For anyone who finds the Burger King mascot's visage particularly nightmarish. The dark side of Vexations humor.

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His bearded face towered over to me with such a serene quiet that I could have believed that I had stopped right next to him in order to complete the sigil—but he certainly hadn’t been there a moment before. A white gloved hand reached for me, and I knocked it away. I repressed the urge to put my fist into that smirking face—it may be my first instinct to go physical, but this time, I doubted that it would end well for me.

The Burger King once again opened his russet robes as if to flash me and withdrew a sandwich. A meatnormous sandwich. A sandwich so desirable that I could not turn away. I wanted to take it from him.

The world lurched. The Fast-food Monarch saw his reflection in the mirror inscribed with Ereshkegal’s gaunt hand. I released the mirror. Milliseconds ticked by as it started to slide from my fingertips, milliseconds became seconds, the seconds seemed to last forever—


The mirror struck the parched Arizona dirt and shattered into a thousand scintillating splinters.

That delicious, meatnormous sandwich exploded into glittering fragments in The King’s grasp.

Caught by surprise, The King looked down at his empty hands and threw them up. In defeat maybe? I didn’t stay long enough to find out. I was hauling ass with a vengeance and both hands this time—and just as quickly running out of options.

Worse, a burger sounded really good right then.

As I went, I laid down a path of magical destruction. I threw marbles made from the stained-glass windows of St. Anthony’s Basilica, dropped entire packets of Zulu spirit ants, Navaho and Hopi Kachina dolls, even self-igniting hell money firecrackers, something had to stop this thing—I even accidentally dumped my gummy bears out onto the dirt behind me. I silently hoped the bastard would slip on those; I was saving them until they were nice and soft from the heat.

To no avail. Every time I looked behind me, that terrible parody of a human face grinned back at me, unmoving, but each time appearing a little closer.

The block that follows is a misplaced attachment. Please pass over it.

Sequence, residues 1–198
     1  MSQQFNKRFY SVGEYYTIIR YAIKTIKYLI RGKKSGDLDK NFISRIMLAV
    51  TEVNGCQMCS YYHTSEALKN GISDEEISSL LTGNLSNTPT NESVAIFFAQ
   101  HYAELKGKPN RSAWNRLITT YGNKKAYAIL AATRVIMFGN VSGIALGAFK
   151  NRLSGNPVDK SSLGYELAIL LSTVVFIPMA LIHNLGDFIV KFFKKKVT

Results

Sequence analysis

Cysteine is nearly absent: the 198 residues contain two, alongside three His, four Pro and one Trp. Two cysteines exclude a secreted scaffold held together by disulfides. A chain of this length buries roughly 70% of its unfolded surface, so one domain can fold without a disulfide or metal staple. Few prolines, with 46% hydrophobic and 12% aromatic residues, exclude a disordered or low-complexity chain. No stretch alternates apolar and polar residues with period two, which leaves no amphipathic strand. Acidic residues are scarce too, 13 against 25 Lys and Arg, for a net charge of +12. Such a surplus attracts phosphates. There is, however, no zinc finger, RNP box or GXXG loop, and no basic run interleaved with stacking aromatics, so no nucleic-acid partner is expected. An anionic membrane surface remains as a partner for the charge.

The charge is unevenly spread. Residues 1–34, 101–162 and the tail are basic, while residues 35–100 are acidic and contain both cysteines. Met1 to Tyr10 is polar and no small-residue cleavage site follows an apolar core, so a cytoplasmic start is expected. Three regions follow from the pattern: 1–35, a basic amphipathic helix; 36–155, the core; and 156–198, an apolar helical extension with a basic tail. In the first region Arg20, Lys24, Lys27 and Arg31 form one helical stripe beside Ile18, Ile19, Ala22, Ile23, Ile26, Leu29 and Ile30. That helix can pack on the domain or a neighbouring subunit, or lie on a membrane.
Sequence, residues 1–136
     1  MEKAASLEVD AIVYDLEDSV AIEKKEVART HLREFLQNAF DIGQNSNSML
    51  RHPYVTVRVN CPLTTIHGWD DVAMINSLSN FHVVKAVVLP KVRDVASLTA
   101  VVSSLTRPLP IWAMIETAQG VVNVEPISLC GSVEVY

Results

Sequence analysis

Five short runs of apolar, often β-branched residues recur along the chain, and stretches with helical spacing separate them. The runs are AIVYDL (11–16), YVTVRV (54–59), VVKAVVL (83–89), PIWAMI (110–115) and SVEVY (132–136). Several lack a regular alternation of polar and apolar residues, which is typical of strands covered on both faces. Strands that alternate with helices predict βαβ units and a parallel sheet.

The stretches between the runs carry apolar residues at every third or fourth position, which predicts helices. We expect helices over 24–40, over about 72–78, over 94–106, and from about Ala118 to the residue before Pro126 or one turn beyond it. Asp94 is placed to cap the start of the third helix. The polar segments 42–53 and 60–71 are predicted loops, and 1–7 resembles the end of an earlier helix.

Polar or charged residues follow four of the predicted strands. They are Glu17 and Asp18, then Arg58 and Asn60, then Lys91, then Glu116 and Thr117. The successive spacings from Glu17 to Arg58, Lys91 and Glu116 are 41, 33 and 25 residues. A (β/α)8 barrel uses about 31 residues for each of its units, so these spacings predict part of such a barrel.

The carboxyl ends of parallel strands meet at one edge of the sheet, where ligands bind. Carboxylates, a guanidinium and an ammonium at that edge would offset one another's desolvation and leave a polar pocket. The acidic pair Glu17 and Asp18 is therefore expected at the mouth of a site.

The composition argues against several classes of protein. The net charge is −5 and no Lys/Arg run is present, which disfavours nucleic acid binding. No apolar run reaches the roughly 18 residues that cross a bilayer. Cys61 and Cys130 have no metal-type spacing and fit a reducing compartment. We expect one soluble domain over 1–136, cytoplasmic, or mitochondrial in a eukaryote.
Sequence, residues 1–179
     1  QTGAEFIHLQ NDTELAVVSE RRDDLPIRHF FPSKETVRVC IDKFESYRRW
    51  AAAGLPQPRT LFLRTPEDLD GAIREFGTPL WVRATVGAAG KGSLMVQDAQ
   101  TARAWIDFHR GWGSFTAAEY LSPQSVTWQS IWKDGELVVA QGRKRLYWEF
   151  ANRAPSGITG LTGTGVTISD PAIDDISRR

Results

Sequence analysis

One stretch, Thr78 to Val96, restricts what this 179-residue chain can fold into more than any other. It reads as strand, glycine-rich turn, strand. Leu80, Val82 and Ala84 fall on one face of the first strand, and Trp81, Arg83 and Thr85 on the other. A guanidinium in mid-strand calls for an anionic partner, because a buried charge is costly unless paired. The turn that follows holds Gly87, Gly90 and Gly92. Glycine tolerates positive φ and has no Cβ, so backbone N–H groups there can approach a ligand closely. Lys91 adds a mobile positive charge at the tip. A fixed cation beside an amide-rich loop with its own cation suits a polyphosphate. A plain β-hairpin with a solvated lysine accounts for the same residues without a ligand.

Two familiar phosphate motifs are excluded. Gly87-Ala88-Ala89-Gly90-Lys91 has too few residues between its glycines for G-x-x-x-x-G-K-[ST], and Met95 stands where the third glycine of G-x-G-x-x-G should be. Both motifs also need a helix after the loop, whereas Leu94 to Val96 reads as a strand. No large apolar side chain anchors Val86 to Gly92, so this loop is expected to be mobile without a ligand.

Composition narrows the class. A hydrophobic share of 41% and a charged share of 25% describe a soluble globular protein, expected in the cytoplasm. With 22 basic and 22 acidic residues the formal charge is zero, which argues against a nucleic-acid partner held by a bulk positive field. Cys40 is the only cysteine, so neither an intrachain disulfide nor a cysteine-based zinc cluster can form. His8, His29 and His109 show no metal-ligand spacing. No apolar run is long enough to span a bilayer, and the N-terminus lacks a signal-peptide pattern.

The walls were closing in… Literally. I had turned a wrong corner. Ahead of me: a dead-end; behind me: The King.

From my pockets, I withdrew two cans of spray paint that I keep just for this occasion. I went to work on the wall with the silver and orange paint.

The Holocaust Star quickly emerged from my frantic flailing and I completed each of its points with supplications to every one of the thirteen deities of the Underworld. The world trembled beneath my fingertips as I labored.

A familiar shadow appeared behind me as I drew the last supplication—and, to my dread, my silver paint expired. Vainly, I squeezed the nozzle and shook the can. Empty. The orange spray paint was the same. I turned around and backed against the wall. I was so screwed.

That mocking, plastic visage loomed ever closer; and the bearded, demoniac caricature with its cavernous mouth enveloped my vision. The King smiled wordlessly as he hovered, inches from my face. The craving for a juicy, tender burger threatened to consume my willpower.

Then, he reached once again into his voluminous cloak and—


Two-Six-Four-Victor-Echo please respond,” squawks the radio in Vex’s cab.

“Damn, I have to go,” Vex says. She ditches the table and rushes to get the radio. “Again, thanks for the cocoa.”

“What?” Sharon’s voice sounds shocked, almost panicked. “Wait! What happened next?”

Vex looks over her shoulder as she climbs into the cab and says:

“As it turns out, even The King can’t handle a steel-toed boot to the Royal Jewels.”

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